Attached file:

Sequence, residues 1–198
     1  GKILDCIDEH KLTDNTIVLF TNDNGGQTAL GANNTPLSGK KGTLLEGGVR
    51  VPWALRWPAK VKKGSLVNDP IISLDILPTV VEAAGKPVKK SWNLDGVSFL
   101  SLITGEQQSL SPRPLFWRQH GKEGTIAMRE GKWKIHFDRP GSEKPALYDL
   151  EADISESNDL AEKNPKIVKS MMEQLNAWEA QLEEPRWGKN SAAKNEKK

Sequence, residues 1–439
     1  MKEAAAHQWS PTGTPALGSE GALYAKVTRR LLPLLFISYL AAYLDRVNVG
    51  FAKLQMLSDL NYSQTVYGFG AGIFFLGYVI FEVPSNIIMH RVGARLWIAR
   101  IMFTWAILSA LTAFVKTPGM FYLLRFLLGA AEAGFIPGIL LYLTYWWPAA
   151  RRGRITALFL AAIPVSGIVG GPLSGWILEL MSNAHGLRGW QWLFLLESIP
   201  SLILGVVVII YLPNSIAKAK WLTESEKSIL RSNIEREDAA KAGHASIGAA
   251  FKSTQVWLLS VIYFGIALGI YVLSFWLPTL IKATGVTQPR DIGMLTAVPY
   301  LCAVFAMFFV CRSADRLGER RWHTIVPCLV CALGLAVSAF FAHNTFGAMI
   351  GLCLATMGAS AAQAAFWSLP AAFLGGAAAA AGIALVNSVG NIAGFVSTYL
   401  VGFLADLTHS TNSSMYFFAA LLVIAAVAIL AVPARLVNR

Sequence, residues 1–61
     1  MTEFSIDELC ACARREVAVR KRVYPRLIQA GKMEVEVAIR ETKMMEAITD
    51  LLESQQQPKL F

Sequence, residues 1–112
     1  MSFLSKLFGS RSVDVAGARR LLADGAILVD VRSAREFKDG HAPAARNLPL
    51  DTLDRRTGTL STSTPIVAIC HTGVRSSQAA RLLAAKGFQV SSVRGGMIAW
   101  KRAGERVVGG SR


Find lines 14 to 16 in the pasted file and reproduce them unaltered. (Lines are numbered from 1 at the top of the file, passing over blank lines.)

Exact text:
   351  GLCLATMGAS AAQAAFWSLP AAFLGGAAAA AGIALVNSVG NIAGFVSTYL
   401  VGFLADLTHS TNSSMYFFAA LLVIAAVAIL AVPARLVNR

Sequence, residues 1–61